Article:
Symptoms and complications persists in most of the patients even after the recovery.while many of them experienced severe aches and breathlessness , there are also cases of significant organ dysfunction mainly lungs and brain.
A recent study in Italy said that 87.4% of patients recovered from COVID-19 reported persistant symptom, particularly fatigue and dyspnea, even after two months of being discharged from the hospital.
Similar trend has also been noticed in India where doctors are are witnessing recovered patients coming back with complications prompting long term follow-up studies on people recovering from disease.
“There are two types of things happening. One is there are persistent non-specific symptoms like body ache and dry cough which is not that life threatening, but there are other symptoms like severe pneumonia and scarring of the lungs which may be potentially life threatening which needs to be monitored even after the discharge.
Similarly, COVID recovered people are also suffering strokes leading to the blood clots.
We are witnessing impaired lung function in many patients who had recovered and were without pre-existing lung disease before they got infected with COVID-19, similar to our experience in H1N1. However, this is too early and we have to keep a look out for lung functions,” says Dr Neeraj Jain, Chairman, chest medicine at Ganga Ram Hospital.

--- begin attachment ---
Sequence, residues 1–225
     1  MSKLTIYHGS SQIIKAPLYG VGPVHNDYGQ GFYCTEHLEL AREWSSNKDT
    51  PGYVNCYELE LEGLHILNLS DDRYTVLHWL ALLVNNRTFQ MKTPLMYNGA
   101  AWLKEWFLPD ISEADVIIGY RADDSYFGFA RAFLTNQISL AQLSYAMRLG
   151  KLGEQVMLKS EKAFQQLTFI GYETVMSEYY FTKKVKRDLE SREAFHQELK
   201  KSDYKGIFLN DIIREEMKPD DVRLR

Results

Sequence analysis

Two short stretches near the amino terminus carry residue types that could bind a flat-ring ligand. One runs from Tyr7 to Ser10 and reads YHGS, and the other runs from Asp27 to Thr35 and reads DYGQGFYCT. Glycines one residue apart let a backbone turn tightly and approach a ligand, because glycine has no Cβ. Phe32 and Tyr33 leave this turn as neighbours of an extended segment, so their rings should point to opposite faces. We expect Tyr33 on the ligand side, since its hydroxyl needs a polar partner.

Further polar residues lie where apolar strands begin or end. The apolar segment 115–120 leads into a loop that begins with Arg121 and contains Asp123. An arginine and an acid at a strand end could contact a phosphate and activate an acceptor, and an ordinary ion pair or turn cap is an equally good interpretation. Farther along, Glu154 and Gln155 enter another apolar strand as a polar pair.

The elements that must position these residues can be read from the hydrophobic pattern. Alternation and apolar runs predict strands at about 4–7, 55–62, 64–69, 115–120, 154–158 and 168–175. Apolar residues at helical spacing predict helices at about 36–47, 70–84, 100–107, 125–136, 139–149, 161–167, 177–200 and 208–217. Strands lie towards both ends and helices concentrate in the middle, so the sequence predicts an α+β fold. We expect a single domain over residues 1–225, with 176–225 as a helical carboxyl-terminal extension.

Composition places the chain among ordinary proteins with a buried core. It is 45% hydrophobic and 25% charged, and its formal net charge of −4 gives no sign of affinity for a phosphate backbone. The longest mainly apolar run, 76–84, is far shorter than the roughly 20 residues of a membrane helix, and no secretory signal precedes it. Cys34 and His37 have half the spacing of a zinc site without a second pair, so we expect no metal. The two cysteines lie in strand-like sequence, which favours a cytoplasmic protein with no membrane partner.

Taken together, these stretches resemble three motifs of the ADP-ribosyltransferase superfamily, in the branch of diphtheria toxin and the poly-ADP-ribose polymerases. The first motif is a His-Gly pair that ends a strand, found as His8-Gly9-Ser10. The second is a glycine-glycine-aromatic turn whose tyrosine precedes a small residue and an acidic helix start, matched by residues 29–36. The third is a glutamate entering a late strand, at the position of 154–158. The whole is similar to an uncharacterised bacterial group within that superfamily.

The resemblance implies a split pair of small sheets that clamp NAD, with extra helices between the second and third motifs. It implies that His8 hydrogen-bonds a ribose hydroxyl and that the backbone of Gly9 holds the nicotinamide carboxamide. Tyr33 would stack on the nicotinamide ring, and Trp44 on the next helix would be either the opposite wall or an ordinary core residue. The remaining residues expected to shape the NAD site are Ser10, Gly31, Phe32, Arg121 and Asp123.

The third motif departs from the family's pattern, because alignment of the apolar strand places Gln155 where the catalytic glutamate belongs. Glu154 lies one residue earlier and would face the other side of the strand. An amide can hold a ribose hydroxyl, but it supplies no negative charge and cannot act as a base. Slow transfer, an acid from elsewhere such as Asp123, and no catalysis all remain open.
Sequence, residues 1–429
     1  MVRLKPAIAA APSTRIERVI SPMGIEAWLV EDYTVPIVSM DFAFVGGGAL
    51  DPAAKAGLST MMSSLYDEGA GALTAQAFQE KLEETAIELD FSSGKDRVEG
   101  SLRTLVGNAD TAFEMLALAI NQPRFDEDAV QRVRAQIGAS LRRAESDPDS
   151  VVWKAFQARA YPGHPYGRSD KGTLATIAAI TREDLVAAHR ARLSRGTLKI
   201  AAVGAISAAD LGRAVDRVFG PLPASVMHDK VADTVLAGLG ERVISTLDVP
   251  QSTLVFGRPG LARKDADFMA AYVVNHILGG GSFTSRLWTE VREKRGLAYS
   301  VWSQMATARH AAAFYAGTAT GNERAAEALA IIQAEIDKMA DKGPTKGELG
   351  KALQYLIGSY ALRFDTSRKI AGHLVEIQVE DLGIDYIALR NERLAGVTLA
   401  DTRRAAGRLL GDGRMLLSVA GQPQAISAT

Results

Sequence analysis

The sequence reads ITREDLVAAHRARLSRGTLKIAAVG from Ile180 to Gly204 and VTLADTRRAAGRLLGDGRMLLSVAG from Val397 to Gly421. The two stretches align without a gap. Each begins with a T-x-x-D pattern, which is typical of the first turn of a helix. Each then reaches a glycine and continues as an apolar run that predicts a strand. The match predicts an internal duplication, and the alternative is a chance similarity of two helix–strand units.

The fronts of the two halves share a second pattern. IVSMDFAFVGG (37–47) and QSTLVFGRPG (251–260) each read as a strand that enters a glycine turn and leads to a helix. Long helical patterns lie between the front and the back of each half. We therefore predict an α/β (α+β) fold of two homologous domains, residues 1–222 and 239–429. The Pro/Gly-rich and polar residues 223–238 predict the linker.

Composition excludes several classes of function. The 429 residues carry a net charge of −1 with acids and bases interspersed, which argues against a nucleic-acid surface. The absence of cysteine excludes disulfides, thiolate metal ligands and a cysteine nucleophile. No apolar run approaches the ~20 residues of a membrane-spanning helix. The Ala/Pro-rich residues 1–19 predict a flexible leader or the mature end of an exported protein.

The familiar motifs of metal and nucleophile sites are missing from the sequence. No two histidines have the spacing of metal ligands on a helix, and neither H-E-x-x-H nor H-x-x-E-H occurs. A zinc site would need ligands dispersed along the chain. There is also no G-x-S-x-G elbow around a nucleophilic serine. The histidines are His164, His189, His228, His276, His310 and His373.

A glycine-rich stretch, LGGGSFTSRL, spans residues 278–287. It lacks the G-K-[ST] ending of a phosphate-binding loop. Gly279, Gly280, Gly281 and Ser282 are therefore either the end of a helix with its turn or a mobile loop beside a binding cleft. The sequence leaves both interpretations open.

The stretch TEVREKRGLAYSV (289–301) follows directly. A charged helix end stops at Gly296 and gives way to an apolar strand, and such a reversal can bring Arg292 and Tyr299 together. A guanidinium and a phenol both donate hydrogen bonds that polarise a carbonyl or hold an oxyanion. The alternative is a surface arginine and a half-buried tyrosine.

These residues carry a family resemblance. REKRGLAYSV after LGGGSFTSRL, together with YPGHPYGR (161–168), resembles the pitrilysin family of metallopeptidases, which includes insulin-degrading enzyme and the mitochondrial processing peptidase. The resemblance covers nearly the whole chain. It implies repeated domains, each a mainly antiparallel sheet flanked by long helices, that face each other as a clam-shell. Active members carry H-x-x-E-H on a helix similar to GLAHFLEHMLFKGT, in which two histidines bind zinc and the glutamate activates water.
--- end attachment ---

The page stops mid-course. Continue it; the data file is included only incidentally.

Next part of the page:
Findings of the JAMA study show very few patients were symptom-free, whereas quality of life of more than 44% of patients worsened due to the disease.
Over 53% individuals in the study showed fatigue, 43.4% dyspnea, whereas 27.3% had joint pain and around 22% continued with chest pain. Around 32% participants had 1 or 2 symptoms and 55% had 3 or more. None of the patients had fever or any signs or symptoms of acute illness.
However, only 12.6% were completely free of any COVID-19–related symptom at the time of the evaluation, researchers said.
Limitations of the study include the lack of information on symptom history before acute COVID-19 illness and the lack of details on symptom severity. Furthermore, this is a single-center study with a relatively small number of patients and without a control group of patients discharged for other reasons.All patients who met the World Health Organisation criteria or discontinuation of quarantine were followed up. From April 21 to May 29, 179 patients aged between 19-84 yrs were potentially eligible for the follow-up post-acute care assessment, of which 53 (37%) were women.